In his militarist lust he was near lunacy; his ignorance: profound; he was, in many respects, conventional—numbingly conventional—on Washington’s global role. That was John McCain.
This was a man who, post-9/11, promoted measures expected to boost foreign terrorism. “Within hours” of that morning’s carnage, he made himself “leading advocate of taking the American retaliation against Al Qaeda far beyond Afghanistan,” to countries—like Iraq—with no Qaeda ties, where revenge, really, would be aggression. On CNN, aboard the USS Theodore Roosevelt, on “Face the Nation” he pushed for assaulting Iraq, stressing the “need to keep telling the American people” about Saddam’s menace, to keep “frightening and scaring them every day.”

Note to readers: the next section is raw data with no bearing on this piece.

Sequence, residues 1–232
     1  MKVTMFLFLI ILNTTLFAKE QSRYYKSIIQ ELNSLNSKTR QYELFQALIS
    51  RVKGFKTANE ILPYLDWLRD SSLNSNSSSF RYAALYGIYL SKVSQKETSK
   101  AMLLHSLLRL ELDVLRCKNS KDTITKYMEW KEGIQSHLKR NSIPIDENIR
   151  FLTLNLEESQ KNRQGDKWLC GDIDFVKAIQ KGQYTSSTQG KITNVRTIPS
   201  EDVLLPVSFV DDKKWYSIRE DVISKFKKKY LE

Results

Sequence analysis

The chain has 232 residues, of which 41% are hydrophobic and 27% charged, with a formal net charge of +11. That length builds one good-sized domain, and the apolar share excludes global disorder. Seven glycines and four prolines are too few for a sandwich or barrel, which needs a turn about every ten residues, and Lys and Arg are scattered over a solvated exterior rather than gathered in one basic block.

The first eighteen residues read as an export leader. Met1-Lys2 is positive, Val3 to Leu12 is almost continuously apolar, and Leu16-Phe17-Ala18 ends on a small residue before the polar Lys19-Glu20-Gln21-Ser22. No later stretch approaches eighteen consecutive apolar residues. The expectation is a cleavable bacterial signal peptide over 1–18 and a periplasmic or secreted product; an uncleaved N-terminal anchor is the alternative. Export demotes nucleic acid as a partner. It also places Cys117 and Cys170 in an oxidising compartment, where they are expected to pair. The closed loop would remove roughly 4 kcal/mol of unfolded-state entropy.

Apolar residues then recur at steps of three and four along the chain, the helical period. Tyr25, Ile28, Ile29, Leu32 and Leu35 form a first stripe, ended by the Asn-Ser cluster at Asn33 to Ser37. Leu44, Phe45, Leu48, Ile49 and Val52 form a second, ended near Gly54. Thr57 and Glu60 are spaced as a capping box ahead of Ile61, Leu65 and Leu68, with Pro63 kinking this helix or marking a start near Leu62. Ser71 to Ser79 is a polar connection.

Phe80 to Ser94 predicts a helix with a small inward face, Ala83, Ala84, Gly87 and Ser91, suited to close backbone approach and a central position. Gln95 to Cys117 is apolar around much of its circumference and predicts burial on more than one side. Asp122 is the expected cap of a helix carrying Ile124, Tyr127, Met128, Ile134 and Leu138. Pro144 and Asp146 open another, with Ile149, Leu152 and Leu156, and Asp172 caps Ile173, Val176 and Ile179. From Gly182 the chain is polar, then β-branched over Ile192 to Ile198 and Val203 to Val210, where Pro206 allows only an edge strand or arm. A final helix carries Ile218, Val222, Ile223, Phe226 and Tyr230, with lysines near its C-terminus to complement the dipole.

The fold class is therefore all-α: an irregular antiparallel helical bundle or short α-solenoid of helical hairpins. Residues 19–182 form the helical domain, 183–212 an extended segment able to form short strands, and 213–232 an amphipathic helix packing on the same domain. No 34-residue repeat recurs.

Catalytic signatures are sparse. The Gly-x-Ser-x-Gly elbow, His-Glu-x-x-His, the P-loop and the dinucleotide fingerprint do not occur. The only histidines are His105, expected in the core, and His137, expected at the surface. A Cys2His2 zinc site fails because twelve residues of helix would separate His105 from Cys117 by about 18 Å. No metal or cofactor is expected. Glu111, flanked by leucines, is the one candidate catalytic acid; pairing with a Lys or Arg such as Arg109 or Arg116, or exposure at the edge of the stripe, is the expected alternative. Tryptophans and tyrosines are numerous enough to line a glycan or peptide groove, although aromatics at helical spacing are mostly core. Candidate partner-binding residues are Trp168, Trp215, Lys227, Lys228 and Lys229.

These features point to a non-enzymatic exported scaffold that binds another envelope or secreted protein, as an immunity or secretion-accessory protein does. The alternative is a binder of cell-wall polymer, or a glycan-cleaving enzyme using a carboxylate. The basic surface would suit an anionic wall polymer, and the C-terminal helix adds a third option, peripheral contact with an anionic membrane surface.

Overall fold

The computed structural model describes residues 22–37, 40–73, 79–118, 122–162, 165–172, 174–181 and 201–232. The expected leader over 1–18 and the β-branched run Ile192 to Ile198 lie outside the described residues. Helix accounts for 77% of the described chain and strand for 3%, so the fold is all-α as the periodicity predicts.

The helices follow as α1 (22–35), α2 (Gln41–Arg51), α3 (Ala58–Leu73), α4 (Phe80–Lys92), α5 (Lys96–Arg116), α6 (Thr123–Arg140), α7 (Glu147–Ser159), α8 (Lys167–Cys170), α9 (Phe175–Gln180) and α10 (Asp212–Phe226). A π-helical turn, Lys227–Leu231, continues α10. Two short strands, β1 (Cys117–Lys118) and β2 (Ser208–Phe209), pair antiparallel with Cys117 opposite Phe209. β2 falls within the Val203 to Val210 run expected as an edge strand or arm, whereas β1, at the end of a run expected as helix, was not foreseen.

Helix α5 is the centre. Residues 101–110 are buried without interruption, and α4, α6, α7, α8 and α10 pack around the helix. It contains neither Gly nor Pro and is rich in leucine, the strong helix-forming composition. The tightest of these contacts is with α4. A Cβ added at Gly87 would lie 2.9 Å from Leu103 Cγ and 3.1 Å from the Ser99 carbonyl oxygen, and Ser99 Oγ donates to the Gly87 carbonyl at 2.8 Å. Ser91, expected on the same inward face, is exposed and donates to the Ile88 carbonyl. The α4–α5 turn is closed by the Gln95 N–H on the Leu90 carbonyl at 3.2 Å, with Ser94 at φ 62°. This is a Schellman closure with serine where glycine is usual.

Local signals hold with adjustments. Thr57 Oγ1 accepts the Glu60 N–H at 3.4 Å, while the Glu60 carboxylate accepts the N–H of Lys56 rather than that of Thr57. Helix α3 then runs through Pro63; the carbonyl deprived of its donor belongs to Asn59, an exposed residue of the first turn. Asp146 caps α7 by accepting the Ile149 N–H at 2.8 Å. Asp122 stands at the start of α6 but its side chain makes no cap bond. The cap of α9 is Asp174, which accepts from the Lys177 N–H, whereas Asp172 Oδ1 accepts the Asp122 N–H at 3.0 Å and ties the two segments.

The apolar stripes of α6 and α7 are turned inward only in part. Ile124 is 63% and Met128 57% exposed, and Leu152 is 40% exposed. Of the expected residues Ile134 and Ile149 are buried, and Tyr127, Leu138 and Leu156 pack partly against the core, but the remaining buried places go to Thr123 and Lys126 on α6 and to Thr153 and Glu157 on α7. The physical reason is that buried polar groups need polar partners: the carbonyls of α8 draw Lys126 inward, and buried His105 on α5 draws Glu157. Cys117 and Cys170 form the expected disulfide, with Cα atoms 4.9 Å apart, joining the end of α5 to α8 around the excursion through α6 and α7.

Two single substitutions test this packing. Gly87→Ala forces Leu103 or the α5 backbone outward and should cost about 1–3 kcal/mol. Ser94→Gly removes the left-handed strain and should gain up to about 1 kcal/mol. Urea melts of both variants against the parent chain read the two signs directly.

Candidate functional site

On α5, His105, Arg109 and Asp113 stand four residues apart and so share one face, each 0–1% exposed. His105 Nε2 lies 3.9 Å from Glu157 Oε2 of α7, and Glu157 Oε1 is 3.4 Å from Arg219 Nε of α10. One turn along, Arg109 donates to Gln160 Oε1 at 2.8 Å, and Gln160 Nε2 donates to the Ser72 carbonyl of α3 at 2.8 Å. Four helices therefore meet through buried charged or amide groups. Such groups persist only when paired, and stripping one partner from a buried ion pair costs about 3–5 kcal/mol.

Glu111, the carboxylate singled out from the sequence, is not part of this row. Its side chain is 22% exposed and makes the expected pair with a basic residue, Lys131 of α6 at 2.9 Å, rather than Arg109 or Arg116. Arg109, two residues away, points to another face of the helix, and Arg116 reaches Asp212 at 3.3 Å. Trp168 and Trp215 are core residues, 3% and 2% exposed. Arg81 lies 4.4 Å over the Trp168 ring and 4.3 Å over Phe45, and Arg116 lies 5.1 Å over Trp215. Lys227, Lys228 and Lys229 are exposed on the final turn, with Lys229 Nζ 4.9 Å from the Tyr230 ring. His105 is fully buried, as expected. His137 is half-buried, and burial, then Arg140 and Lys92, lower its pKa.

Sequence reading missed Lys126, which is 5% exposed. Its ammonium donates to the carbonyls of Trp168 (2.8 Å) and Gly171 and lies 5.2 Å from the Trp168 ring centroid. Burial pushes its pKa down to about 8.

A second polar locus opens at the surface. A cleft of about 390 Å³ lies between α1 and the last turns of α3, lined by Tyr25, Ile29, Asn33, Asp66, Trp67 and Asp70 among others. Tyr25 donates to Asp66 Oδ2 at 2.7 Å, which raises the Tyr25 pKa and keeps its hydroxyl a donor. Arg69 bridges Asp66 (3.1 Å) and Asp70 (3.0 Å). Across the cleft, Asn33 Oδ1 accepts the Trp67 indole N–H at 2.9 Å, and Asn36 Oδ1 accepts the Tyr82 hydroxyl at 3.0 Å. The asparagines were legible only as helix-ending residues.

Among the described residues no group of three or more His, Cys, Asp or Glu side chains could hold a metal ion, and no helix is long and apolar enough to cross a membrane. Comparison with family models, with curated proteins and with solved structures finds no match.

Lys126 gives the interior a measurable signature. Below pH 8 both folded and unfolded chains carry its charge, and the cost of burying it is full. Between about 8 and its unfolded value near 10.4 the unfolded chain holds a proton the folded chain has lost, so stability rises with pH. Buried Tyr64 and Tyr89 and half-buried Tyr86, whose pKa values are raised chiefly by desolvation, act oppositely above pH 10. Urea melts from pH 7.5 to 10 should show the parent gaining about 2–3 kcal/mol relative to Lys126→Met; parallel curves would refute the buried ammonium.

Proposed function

Later, as hopes shattered for quick success in Iraq on Washington’s terms—the only terms concerning McCain—he started “calling for the deployment of at least another division,” growing “more strident in his advocacy of escalation” with time. More young soldiers had to go to Baghdad, many to die. These troops became “the surge,” to McCain a triumph, proof of his acute thinking, his wartime sagacity. “The surge has succeeded,” he declared in 2008, claiming it showed how Washington could win in Afghanistan.
Relevant scholarship reveals these claims were, if we’re polite, dubious, if not: bullshit. Stephen Biddle, Jeffrey A. Friedman and Jacob N. Shapiro, in…